Ronnie Taylor served 12 years in Texas prison before DNA testing proved his innocence in 2007 – and implicated another man already in prison for other crimes. DNA testing was being used in courtrooms when Taylor was convicted in 1995, but an analyst from the Houston Police Department Crime Lab testified that there was no biological evidence left by the perpetrator at the crime scene. Her testimony was incorrect, and Taylor was sentenced to 60 years for a crime he didn’t commit.
In the early morning hours of May 28, 1993, a woman was awakened in her apartment by a male intruder holding a knife against her neck. She struggled against him, but was afraid for her life and the safety of her three children sleeping in the next room. The man told her he would kill her if she screamed. He forced her to remove her clothes, and he raped her on the bed. He then fled, telling the victim not to move.
The Investigation and Identification
The victim called police after the perpetrator left; they arrived about 40 minutes later and took her to a hospital. Officers examined the crime scene and found that the perpetrator had gained access to the house by removing a screen window. An officer noticed a wet spot on the bed sheet, and collected the sheet as evidence. A coin purse with $32 in cash had been stolen from her house as well.
The victim told police she was unable to see the perpetrator’s features during the rape because it was dark in her room. She believed he was African-American, between 20 and 30 years old, with a short Afro and mustache. She told officers that she had felt the shape of his face and body during the attack, including his ears, nose, eyelids, neck, shoulder and mouth. She said she believed the perpetrator had ejaculated because she felt “all this stuff down my leg afterwards.” Ten days after the crime, the victim gave police a new statement with more details, including that the perpetrator was about six feet tall, had a round face with bumps on his cheeks and ears that “stuck out a little.”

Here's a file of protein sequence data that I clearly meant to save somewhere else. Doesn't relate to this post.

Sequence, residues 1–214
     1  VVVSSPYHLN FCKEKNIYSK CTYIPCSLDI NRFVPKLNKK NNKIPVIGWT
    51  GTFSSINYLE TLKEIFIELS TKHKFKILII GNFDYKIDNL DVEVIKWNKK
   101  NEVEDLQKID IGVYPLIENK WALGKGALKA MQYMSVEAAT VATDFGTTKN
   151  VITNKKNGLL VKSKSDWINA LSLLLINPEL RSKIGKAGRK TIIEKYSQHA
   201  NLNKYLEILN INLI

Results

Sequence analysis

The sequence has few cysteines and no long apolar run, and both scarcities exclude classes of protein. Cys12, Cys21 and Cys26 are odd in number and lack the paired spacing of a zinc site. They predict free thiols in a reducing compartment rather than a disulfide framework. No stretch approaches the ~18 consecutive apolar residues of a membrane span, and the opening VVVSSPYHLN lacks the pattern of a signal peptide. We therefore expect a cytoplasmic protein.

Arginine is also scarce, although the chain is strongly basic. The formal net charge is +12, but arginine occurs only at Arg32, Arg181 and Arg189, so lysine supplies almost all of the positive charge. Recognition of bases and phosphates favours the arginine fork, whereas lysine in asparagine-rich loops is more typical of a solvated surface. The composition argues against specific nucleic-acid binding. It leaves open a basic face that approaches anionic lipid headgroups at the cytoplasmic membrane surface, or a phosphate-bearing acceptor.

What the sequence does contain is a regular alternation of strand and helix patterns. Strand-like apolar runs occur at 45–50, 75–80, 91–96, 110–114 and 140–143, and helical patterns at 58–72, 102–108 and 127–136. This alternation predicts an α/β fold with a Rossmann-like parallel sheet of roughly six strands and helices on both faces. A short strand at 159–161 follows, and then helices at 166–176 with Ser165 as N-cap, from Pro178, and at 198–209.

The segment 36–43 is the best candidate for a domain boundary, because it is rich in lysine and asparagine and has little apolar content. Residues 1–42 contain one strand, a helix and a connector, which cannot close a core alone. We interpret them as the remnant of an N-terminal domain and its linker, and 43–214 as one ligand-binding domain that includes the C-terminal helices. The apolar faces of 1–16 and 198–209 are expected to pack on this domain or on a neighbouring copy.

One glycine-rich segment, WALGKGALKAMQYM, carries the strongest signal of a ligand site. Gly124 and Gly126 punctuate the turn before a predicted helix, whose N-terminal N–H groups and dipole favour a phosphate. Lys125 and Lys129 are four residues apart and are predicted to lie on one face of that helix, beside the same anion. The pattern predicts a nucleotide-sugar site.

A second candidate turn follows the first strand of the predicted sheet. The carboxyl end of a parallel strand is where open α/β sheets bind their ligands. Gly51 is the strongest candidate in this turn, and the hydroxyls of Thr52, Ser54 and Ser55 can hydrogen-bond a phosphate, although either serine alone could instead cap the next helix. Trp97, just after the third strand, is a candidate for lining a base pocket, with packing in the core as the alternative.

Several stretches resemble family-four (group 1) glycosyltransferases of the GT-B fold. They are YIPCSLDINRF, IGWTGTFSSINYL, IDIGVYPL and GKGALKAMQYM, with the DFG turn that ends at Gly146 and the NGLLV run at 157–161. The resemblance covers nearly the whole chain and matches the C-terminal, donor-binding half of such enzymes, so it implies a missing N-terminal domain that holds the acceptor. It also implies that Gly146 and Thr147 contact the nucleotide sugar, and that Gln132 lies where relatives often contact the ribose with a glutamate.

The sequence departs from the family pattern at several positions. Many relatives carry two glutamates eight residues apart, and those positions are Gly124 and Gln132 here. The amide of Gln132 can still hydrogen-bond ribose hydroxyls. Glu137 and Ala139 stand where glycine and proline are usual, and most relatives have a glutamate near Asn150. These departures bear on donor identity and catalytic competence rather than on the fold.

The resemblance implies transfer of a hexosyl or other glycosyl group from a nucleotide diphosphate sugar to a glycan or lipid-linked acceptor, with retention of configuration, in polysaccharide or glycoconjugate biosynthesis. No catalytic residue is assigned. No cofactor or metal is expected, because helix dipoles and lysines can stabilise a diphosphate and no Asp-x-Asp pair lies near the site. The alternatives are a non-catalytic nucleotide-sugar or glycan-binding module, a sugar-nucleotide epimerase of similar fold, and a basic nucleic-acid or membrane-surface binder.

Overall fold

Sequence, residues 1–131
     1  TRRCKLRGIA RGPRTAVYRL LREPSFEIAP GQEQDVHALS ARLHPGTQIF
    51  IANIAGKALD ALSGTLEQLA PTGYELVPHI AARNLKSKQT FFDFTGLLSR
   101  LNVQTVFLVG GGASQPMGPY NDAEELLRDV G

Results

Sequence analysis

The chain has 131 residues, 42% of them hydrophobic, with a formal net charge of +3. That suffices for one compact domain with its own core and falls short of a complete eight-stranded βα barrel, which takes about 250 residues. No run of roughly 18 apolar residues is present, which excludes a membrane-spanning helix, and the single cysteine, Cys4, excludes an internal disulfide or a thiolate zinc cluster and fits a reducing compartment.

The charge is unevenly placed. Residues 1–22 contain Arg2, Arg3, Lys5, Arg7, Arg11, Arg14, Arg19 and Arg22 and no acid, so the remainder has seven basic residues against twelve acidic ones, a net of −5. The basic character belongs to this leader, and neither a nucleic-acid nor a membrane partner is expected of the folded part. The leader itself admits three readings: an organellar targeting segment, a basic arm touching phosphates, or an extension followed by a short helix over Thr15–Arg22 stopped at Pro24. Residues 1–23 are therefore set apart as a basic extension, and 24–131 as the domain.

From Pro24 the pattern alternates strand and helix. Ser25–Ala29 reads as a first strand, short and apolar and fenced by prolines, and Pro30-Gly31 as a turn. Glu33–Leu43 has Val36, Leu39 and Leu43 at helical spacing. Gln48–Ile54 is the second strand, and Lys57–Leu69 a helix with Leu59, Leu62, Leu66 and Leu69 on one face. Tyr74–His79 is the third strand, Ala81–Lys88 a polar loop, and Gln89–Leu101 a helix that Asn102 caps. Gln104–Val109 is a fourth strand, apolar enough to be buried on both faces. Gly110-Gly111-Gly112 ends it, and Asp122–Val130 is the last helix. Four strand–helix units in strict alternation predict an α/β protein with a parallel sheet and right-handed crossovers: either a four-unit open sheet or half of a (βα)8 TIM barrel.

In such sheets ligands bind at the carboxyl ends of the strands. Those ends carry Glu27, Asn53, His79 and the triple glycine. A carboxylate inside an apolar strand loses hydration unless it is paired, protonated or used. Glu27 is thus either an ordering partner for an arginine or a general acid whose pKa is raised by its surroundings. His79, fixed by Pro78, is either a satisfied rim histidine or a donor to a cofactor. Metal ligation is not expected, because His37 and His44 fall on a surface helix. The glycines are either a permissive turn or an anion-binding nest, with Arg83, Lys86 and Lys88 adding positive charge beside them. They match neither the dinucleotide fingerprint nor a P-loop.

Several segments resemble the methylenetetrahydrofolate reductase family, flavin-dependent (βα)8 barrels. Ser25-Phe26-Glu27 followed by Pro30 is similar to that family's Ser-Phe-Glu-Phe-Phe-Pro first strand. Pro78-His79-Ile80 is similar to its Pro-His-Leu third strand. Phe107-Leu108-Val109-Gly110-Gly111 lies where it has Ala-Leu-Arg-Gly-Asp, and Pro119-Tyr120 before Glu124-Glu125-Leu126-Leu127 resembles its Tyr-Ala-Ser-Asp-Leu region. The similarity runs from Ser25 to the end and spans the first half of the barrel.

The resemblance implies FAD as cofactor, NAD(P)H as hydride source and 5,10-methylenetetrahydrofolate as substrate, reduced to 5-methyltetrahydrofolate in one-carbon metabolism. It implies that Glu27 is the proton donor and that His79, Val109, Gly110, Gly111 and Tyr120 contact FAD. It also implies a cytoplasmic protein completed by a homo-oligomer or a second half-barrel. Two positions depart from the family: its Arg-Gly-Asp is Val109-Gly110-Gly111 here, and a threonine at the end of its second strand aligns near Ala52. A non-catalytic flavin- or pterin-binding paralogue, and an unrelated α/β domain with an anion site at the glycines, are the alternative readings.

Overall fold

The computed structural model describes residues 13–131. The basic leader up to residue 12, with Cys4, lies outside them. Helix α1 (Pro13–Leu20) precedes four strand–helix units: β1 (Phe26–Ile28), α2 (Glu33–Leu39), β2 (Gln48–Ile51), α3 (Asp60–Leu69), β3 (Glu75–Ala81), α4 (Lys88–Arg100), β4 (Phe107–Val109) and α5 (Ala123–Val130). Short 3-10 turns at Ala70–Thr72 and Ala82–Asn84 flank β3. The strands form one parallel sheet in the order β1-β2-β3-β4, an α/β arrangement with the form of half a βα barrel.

Taylor became a suspect because he lived near the victim. He participated in a live lineup at the police station, which was videotaped because the victim could not be reached. Nearly six weeks after the crime, one officer brought the tape to the victim’s house and showed it to her while she was caring for her children. There were no witnesses or representatives for the defendant present. The victim said she watched the video twice and suddenly “remembered” that the perpetrator was missing a front tooth. Taylor was also missing a tooth. She identified Taylor in the videotaped lineup.
Before trial, Ronnie Taylor’s lawyers filed for DNA testing on the victim’s clothing and bedsheets. The court granted this motion, but the Houston Police Department Crime Lab reported that there was no semen discovered on the clothing or sheets. Because there was apparently no biological material from the perpetrator to test, no DNA testing was conducted.
In 1995, Taylor was charged with aggravated sexual assault and went to trial before a jury. With no forensic evidence connecting Taylor to the crime, the prosecution’s main evidence was the victim’s eyewitness identification of him. In her trial testimony, the victim provided new details for the first time. She said that she caught a glimpse of the attacker for about three seconds as he left the house in light from floodlamps outside on the street.